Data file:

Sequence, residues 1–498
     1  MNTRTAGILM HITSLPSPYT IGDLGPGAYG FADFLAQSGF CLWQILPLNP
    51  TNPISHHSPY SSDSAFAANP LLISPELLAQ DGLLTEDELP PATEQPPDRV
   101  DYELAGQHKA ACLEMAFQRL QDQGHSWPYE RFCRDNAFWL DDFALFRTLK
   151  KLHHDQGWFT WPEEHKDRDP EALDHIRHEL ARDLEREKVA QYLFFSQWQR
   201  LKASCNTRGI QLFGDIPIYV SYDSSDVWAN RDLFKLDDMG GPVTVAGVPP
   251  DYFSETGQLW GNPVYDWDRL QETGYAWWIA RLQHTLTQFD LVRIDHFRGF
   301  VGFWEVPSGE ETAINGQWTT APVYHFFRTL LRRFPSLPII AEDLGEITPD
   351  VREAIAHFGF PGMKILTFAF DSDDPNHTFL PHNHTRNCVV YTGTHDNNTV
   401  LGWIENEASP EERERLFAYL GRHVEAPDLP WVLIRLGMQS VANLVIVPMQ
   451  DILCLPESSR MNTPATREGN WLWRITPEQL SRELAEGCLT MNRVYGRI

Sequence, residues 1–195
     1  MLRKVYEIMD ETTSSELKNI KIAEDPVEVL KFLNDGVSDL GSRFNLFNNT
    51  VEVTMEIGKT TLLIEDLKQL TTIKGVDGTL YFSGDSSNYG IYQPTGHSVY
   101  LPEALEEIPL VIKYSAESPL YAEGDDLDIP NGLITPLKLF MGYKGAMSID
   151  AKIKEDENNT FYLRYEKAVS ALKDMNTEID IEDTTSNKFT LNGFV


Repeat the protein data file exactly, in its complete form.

Sequence, residues 1–498
     1  MNTRTAGILM HITSLPSPYT IGDLGPGAYG FADFLAQSGF CLWQILPLNP
    51  TNPISHHSPY SSDSAFAANP LLISPELLAQ DGLLTEDELP PATEQPPDRV
   101  DYELAGQHKA ACLEMAFQRL QDQGHSWPYE RFCRDNAFWL DDFALFRTLK
   151  KLHHDQGWFT WPEEHKDRDP EALDHIRHEL ARDLEREKVA QYLFFSQWQR
   201  LKASCNTRGI QLFGDIPIYV SYDSSDVWAN RDLFKLDDMG GPVTVAGVPP
   251  DYFSETGQLW GNPVYDWDRL QETGYAWWIA RLQHTLTQFD LVRIDHFRGF
   301  VGFWEVPSGE ETAINGQWTT APVYHFFRTL LRRFPSLPII AEDLGEITPD
   351  VREAIAHFGF PGMKILTFAF DSDDPNHTFL PHNHTRNCVV YTGTHDNNTV
   401  LGWIENEASP EERERLFAYL GRHVEAPDLP WVLIRLGMQS VANLVIVPMQ
   451  DILCLPESSR MNTPATREGN WLWRITPEQL SRELAEGCLT MNRVYGRI

Sequence, residues 1–195
     1  MLRKVYEIMD ETTSSELKNI KIAEDPVEVL KFLNDGVSDL GSRFNLFNNT
    51  VEVTMEIGKT TLLIEDLKQL TTIKGVDGTL YFSGDSSNYG IYQPTGHSVY
   101  LPEALEEIPL VIKYSAESPL YAEGDDLDIP NGLITPLKLF MGYKGAMSID
   151  AKIKEDENNT FYLRYEKAVS ALKDMNTEID IEDTTSNKFT LNGFV